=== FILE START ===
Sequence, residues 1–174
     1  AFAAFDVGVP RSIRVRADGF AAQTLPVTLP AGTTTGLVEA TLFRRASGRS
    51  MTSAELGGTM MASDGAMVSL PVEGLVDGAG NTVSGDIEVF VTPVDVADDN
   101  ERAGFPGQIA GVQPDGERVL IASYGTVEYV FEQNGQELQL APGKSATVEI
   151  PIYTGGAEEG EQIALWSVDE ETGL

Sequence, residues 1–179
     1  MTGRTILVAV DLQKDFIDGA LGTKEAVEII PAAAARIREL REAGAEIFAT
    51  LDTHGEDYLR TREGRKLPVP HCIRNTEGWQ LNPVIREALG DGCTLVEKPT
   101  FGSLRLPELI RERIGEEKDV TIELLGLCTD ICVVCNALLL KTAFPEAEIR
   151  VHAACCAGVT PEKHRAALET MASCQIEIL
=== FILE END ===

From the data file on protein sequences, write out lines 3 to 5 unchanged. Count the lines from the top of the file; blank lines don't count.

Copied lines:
    51  MTSAELGGTM MASDGAMVSL PVEGLVDGAG NTVSGDIEVF VTPVDVADDN
   101  ERAGFPGQIA GVQPDGERVL IASYGTVEYV FEQNGQELQL APGKSATVEI
   151  PIYTGGAEEG EQIALWSVDE ETGL